5. A device according to claim 1 wherein the annular portion includes apertures to facilitate suturing.
6. An aortic valve supporting device comprising:
an annular portion located around a central axis,
a plurality of stenting arms cantilevered axially from the annular portion,
the free ends of the stenting arms being closer to the central axis than the annular portion,
a hiatus formed in the annular portion to permit the annular portion to be positioned around an aorta with the free ends of the cantilevered arms located to apply a supporting force to the aortic valve, and
a rotatable member on the annular portion for closing the hiatus after the supporting device has been positioned around the aorta.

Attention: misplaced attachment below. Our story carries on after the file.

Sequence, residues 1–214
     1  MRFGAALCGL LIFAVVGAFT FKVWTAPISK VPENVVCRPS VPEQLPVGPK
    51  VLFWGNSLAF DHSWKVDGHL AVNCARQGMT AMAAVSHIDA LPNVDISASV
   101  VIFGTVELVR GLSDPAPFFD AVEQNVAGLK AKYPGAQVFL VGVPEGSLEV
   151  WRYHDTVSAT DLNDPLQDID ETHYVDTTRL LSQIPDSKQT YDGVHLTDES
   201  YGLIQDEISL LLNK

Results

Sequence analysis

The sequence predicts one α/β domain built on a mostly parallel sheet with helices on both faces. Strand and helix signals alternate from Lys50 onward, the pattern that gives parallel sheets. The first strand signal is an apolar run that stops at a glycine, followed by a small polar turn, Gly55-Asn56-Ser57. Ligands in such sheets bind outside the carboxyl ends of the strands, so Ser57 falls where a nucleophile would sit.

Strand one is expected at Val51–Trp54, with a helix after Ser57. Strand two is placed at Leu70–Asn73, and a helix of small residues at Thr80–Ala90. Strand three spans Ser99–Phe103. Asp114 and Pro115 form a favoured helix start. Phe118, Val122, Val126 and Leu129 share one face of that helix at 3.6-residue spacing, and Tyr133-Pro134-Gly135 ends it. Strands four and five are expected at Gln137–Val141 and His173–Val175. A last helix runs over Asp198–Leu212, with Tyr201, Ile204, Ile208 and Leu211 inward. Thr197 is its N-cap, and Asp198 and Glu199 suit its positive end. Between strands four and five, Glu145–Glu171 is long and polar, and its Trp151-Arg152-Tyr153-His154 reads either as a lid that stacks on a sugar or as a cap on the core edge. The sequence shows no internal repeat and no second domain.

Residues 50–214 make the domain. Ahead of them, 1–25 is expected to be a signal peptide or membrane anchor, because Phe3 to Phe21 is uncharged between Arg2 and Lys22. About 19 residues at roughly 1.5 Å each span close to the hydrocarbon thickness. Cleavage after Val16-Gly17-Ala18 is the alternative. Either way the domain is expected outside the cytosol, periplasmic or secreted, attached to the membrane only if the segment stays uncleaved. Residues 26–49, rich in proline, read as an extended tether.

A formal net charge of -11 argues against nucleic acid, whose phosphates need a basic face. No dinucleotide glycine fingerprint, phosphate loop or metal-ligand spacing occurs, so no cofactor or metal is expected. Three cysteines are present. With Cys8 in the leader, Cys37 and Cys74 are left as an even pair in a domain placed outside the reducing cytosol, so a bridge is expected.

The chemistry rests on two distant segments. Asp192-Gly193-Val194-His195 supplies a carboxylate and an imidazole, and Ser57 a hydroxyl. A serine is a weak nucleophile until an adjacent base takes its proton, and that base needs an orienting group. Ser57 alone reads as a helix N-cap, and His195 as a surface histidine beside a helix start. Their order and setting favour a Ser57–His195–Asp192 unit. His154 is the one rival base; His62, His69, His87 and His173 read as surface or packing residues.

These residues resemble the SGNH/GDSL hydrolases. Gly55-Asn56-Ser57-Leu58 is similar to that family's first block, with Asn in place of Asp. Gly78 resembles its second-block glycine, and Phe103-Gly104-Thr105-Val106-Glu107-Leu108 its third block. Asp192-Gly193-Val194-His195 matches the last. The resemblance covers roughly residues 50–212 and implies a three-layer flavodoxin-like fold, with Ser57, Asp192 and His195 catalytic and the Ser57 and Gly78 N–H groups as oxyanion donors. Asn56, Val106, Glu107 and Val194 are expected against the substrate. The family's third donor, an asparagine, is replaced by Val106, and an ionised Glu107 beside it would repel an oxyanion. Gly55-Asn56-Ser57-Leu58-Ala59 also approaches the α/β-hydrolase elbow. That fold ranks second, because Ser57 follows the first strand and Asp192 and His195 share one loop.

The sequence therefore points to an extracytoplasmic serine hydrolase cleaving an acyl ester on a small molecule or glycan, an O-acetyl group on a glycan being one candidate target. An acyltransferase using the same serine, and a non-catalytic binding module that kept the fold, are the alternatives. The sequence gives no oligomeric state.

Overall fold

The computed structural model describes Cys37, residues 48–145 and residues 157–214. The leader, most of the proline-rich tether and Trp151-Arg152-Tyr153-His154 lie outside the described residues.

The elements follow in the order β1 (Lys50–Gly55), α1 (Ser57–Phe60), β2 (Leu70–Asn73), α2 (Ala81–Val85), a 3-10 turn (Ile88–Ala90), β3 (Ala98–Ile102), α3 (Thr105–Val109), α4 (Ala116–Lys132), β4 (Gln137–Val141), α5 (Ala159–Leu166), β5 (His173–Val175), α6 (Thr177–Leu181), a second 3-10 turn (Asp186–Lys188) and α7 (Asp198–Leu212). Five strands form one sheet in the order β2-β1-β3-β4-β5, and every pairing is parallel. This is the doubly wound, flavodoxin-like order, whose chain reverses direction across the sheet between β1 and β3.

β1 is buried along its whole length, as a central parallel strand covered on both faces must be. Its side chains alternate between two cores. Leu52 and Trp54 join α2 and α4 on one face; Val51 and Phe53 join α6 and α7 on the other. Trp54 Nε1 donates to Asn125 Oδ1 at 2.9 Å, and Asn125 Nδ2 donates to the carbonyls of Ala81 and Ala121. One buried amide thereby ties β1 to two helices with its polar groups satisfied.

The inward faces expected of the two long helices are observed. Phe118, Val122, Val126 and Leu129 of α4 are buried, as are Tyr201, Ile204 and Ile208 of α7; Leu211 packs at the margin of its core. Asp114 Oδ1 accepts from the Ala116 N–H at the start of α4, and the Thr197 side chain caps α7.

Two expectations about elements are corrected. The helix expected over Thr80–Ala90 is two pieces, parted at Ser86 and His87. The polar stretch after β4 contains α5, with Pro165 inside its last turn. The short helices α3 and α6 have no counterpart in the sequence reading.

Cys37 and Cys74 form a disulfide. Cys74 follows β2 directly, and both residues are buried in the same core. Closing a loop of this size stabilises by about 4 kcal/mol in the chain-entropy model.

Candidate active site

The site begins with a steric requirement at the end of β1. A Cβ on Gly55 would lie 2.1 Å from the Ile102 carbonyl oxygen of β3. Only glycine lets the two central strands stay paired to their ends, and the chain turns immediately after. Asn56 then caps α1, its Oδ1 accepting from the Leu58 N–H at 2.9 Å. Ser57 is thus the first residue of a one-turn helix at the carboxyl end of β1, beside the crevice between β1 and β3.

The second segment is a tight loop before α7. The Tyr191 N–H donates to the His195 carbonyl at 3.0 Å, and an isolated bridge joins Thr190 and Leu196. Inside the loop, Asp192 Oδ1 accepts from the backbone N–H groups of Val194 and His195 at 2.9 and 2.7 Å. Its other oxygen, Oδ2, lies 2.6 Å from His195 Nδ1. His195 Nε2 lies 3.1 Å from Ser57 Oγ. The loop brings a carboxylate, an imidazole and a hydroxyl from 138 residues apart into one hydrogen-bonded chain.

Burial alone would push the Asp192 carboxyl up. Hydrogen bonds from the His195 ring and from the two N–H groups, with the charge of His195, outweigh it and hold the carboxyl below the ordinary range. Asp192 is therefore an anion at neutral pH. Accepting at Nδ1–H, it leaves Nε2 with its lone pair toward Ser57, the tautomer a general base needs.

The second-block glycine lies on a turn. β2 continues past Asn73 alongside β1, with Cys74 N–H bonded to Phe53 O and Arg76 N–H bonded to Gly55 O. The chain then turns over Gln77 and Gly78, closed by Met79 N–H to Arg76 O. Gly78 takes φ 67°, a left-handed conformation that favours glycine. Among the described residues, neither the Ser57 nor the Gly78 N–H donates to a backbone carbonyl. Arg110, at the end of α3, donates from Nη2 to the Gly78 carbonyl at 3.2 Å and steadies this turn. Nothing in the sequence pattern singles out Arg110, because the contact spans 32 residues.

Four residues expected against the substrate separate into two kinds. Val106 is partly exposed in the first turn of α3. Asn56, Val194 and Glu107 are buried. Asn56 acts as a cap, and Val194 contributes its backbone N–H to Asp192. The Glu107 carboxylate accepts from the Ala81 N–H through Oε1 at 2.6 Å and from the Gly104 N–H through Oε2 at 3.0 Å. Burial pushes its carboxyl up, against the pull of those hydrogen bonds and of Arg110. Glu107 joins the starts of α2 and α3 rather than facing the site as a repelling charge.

7. A device according to claim 6 wherein the device is made of a biocompatible plastic.
8. A device according to claim 6 wherein the annular portion includes fabric to facilitate suturing.
9. A device according to claim 6 wherein the member for closing the hiatus comprises a flange on the annular portion extending away from the axis and which flange is surrounded by a rotatable cap having a mating hiatus such that rotation of the cap will close the hiatus in the aortic valve.
10. A device according to claim 6 wherein the annular portion includes apertures to facilitate suturing.
11. An aortic valve supporting device comprising:
an annular portion located around a central axis,
a plurality of stenting arms cantilevered axially from the annular portion,
a hiatus formed in the annular portion to permit the annular portion to be positioned around an aorta with the free ends of the cantilevered arms located to apply a supporting force to the aortic valve,
a rotatable member on the annular portion for closing the hiatus after the supporting device has been positioned around the aorta, and
force applying means engagable with the arms to bias them toward the central axis.